Liberal judges—the kind of judges Democrats say they'd like to see appointed—have resulted in court decisions that have infringed on the religious liberties and free speech rights of many (take a look at "hate speech" statutes and you'll see what I mean). At the same time, conservative judges—the kind that George W. Bush and other Republicans take pride in placing in office—have ruled that the Ten Commandments aren't really religious (excuse me?) and that they're perfectly okay for public display. And while courts decide this way or that way, the ACLU seems as if it would strike all public mention of religion from all venues everywhere while their conservative counterparts would institute school prayer and the teaching of creationism.

If you're now just a little confused as to which party is the better one, well, there's a reason for that. The answer is that neither is better. When it comes to freedom, both are worse. But voters tend to ignore that fact and simply see how bad the one currently in power is and then vote for the other guys. Six or eight years from now, polls will show that the majority of Americans favor Republicans, and that a number of Democrats stand to lose their places in an upcoming election cycle.

Someone I knew a long time ago had the general sense of it when he referred to both major political parties as "nazis." The word "nazi" has the connotation of total control, complete intolerance, and ruthless social engineering. It doesn't seem an inappropriate term.

He called the Democrats "Social Nazis." They were, he said, determined at all costs to "improve" society by coercing all of us to participate in what they view as improvements. The "social" appellation was doubly appropriate in that many "improvements" are socialist in nature. Nationalized health care, for example, was—and is—high on their list, as are things like universal pre-school (which another friend all too correctly calls "early indoctrination") and "for your own good" laws like the non-smoking ordinances being passed in so many places.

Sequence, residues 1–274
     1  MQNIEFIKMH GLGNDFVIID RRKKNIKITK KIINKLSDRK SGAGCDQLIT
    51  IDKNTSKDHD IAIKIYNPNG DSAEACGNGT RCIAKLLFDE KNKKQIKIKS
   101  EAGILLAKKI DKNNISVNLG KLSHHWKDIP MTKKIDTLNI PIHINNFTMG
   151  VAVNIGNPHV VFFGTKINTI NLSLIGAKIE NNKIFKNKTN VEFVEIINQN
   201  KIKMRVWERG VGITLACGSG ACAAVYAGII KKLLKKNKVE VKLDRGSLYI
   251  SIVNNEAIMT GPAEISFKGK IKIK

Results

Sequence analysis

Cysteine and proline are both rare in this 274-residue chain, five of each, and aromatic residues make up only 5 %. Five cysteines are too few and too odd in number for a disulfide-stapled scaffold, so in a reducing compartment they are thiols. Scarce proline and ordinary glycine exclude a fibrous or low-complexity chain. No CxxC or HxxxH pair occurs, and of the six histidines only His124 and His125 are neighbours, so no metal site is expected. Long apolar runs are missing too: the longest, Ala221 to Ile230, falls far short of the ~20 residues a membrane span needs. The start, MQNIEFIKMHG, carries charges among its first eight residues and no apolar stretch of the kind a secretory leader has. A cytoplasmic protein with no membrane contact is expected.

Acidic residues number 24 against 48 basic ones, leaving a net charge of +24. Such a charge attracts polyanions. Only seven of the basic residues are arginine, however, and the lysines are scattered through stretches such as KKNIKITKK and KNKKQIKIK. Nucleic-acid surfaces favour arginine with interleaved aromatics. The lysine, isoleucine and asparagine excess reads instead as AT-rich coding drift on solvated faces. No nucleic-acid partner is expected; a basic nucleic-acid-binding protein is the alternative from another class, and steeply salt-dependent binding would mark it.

"Social Nazis" don't like things like self-sufficiency or guns, so they do their best to make the ownership of private property or firearms expensive or difficult to obtain and maintain (if you own property, you might not want other people to freely enjoy it; if you own guns, you might actually have the nerve to defend yourself against some poor, misunderstood attacker). "Social Nazis" are also big fans of things like the imposition of eminent domain (if the town gains economically, it can afford to provide more amenities to more citizens); the homogenization of speech and thought (hate speech laws and other curtailments of "unpopular" expression); and broad-based welfare programming for the "less fortunate" (which all too often in this country means the "less motivated"), something that actually translates literally into taking from the rich (and not-so-rich) and giving to the poor (and with disturbing frequency, the lazy).

He referred to the Republicans as "Salvation Nazis." That's because, he said, Republicans often seem to base their actions on the morality they wish to impose on everybody else. Recreational drug use in the Republican vernacular warrants draconian punishment whether the user has hurt anybody but himself or not; creationism isn't a matter of mythology or faith but is rather a "theory" (apparently, some Republicans are unclear as to the actual definition of "theory"); and while abortion is anathema, so is the birth control that might prevent the vast majority of abortions from being a consideration.